Gathering Graces 2/1/2018

*Welcome February!!  I have great things planned for you this month.
*I had a wonderful lunch with my friend Kellee getting caught up since we saw one another last month.  We enjoyed our Chinese food at Wah Hing, and, when I arrived, Kellee was making a friend.

*Brother Bill had a colonoscopy this afternoon and needed a ride home from the hospital when he was done.  When I received the call, I left work, and picked him up, and got him safely home, so he could finally eat some solid food after his two day fast.
*I have been reading a book for my book club called Before We Were Yours by Lisa Wingate.  It is a novel based on the true story of children who were kidnapped and sold by a woman named Georgia Tann.   She was an American child trafficker who operated the Tennessee Children’s Home Society, an adoption agency in Memphis, Tennessee. Tann used the unlicensed home as a front for her  baby black market adoption scheme from the 1920s until a state investigation into numerous instances of adoption fraud being perpetrated by her closed the institution in 1950. It was a good read.  It really makes you realize that sometimes the people in your family tree may be different than you thought.  But should that really matter?
*One of the most wonderful things is getting into bed after you have just put on clean sheets.  It is such a small thing, but oh so wonderful.  I took time in the evening to put clean clothes away and change our bed and put on clean sheets.  While I was doing this, I listened to another episode from the Revisionist History podcast titled Hallelujah.  I encourage you to take a listen and see how Malcolm Gladwell combines the stories of Picasso, Cezanne, Elvis Costello and Leonard Cohen to talk about the role that time and iteration play in the production of genius.  It made me ask myself, do I create like Picasso or Cezanne?  Or does it depend on the project?
*Over the past week, schools in the Kellogg School District, to help increase the safety of our students and staff, have had a special device installed on their main entry doors to people now need to push a button, identify themselves, and then have someone push a button to have them gain entry into the school. It reminded me of article I read online about a school shooting at a Middle School in Los Angeles and a 12 year old girl was the one arrested for the crime.  This was disturbing.  But what was also disturbing was the final line of the article, that reported there have already been around a dozen school shooting already in 2018.  I maybe read about one other.  They aren’t big news any more.  That is sad and disturbing. And having a security device on the front of the school I work at so that people need to be screened before they enter is also sad and disturbing.  I realize the reasoning behind the  decision, but it doesn’t mean I have to like it.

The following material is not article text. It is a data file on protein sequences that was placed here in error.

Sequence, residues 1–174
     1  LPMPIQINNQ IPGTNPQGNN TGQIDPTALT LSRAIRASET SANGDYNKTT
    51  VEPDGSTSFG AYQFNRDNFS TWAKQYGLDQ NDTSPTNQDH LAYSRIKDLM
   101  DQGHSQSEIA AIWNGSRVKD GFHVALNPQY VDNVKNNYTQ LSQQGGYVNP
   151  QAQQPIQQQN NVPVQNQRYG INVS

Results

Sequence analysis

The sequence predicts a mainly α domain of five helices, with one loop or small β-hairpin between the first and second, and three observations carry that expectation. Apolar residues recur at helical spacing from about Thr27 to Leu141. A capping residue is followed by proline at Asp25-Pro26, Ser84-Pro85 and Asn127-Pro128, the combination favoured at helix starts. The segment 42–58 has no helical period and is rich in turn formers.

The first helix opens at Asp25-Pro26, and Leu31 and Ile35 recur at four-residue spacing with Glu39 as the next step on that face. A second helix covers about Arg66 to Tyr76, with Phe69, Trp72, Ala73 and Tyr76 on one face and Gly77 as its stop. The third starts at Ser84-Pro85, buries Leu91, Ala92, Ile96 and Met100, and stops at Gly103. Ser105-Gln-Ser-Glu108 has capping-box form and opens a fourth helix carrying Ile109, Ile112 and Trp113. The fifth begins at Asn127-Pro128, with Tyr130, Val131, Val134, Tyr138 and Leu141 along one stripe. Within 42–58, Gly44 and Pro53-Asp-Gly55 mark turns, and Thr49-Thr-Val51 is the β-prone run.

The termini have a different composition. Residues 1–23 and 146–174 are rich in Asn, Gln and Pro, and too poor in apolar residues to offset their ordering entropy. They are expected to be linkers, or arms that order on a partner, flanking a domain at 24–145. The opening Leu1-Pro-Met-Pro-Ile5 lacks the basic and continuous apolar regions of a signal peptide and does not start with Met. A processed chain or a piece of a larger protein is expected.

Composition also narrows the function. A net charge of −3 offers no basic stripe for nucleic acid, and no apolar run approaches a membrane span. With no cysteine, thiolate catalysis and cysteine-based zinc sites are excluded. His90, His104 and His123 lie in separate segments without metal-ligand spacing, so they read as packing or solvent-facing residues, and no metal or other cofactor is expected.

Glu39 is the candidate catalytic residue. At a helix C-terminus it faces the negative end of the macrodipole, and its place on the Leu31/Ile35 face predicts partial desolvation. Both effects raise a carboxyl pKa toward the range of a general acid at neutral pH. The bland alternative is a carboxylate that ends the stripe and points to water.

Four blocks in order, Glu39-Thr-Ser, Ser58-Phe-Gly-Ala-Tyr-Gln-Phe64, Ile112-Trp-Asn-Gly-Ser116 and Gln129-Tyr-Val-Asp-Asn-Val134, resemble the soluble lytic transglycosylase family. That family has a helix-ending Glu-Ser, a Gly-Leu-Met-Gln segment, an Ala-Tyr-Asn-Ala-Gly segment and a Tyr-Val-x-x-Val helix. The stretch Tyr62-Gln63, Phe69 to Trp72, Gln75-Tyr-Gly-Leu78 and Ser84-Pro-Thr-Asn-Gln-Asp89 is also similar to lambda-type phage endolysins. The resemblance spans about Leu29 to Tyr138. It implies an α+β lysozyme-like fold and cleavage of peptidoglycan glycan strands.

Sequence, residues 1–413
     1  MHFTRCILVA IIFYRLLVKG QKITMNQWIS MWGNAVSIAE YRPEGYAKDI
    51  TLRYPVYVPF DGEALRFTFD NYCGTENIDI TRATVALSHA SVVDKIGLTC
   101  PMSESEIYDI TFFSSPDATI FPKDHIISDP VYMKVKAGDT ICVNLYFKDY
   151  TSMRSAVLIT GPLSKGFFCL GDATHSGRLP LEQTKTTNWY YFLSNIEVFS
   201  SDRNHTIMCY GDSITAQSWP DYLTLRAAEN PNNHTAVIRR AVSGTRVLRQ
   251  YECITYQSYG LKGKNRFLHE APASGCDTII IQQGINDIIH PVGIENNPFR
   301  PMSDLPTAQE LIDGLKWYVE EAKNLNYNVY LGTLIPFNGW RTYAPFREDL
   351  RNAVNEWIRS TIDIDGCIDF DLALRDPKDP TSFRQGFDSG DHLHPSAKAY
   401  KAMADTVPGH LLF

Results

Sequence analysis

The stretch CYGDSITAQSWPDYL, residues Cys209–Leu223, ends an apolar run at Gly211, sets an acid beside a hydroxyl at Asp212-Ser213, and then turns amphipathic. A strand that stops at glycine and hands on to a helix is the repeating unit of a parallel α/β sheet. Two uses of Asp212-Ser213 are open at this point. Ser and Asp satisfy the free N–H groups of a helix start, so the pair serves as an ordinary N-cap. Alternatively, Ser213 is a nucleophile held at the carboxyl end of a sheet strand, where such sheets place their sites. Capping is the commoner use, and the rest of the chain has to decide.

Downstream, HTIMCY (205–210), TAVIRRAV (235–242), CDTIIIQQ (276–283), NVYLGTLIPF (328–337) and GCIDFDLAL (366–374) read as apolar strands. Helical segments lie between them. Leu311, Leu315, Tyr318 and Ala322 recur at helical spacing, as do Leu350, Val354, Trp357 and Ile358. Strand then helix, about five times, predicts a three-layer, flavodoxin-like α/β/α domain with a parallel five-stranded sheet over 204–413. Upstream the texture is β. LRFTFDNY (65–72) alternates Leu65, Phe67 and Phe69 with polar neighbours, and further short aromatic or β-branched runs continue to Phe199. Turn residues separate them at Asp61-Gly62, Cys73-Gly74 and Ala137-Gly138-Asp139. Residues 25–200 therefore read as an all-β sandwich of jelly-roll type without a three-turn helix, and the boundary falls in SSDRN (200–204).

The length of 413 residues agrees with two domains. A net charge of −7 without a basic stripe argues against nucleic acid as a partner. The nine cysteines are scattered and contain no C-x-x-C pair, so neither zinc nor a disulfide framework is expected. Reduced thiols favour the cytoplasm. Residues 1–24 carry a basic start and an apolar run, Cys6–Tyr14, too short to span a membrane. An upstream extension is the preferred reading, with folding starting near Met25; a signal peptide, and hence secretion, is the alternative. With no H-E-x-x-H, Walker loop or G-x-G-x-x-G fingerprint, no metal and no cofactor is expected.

* I came across this sentence describing the month of February. 
February is a month of transitions, as the cold weather and short days begin to give way to the nascent signs of spring, that season that is yet powerless to be born.
I also found this poem written by Michael Field. ‘Michael Field’ was actually not one poet, but two – neither of whom was male (or called Michael): the name was the pseudonym used by Katharine Harris Bradley (1846–1914) and her niece Edith Emma Cooper (1862–1913). (They intended to keep their identities secret, but it came out not long after they had told Robert Browning about it.)
I love the line of the poem “tingling secrets hidden everywhere”.  What tingling secrets that are hidden everywhere in my life be revealed this February?  I can’t wait to find out.
By Michael Field
Gay lucidity,
Not yet sunshine, in the air;
Tingling secrets hidden everywhere,
Each at watch for each;
Sap within the hillside beech,
Not a leaf to see.

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